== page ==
I reflected on this in many ways because, as an environmentalist, I have sometimes adopted the viewpoints that Thomas critiques. However, my mind most strongly turned to Steven Yearley’s examination of the relationship between science and green movements (see his book The Green Case and this paper). Inheritors of the Earth could be interpreted as supporting Yearley’s arguments – particularly his argument that science is less of an ally to green movements than is commonly assumed – and as a critique of dominant environmental arguments. It seems unlikely that Thomas’s view will gain much traction in the Australian context given debates tend to concentrate on threats to ecosystems judged to be valuable (e.g. the Great Barrier Reef) and also tend to presume that such ecosystems are currently the way they’re ‘meant to be’ and are where they should be.
Consideration of this point is further suggested by other claims made in the book. For example, Thomas states that “more species like it hot than cold, and so the overall consequence of a warmer climate is to raise biological diversity in many parts of the world” (p.6). Given that environmentalists tend to be in favour of maintaining (or improving) biodiversity, the apparent implication is that environmentalists should be in favour of global warming.
Perhaps more than anything Thomas wants us to rethink the current “default position” of treating change as inherently negative (p.231). He contends that scientists have developed new understanding of nature that tells us that “any attempt by humans to keep things just as they are is utterly pointless” (p.84). Related to this Thomas also aims to persuade conservationists and ecologists that in the Anthropocene we need to be more open to unconventional ways of maintaining and promoting biodiversity. He passionately calls for more creative approaches to biodiversity conservation which don’t seek to achieve stasis and don’t view pre-human environmental conditions as inherently better (how nature is ‘meant to be’).
A final intriguing aspect of the book that I wish to emphasise is Thomas’s suggestion that biodiversity management and monitoring approaches overly focus us on bad news and have too narrow scope – emphasising the loss of species and not giving equal attention to other biological processes such as hybridisation of species, speciation processes (evolutionary processes), and new opportunities for species to take advantage of novel ecological situations. This points to knowledge practice biases, something that may also be worthy of investigation. Thomas states multiple times that credible data shows that biodiversity gains have occurred in virtually every country and island studied during the period of human influence, and implies that such evidence is currently inadequately considered. Policies such as the Convention on Biological Diversity are criticised on related grounds.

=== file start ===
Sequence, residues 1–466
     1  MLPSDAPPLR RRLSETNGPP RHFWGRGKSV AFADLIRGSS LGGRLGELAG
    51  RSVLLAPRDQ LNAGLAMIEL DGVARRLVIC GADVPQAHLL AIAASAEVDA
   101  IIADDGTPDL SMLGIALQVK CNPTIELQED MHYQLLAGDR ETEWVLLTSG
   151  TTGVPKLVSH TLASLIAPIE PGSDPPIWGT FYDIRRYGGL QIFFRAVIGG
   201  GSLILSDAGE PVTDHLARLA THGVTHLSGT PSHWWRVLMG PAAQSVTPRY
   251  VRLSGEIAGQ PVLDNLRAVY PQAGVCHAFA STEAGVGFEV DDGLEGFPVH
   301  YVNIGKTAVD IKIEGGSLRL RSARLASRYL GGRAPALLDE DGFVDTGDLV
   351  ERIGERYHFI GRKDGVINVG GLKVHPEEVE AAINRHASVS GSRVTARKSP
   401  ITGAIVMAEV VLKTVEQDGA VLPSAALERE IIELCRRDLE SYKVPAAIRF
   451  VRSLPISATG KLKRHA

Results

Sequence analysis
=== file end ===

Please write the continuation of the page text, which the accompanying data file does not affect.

Overall, I found the book to be an informative and fascinating read. It reminded me of other books like Rambunctious Garden (by Emma Marris) and The Big Ratchet (by Ruth DeFries), both of which in quite different ways also challenge the strongly pessimistic environmental narratives which are currently dominant. In the case of Inheritors of the Earth Chris Thomas usefully points out that the current trend of “declaring the Anthropocene to be the sixth mass extinction is somewhat premature” (p.244). Additionally, as I suggested earlier in this review, how the book is received by environmentalists and conservationists will tell us something about the relationship between the biological sciences and green movements.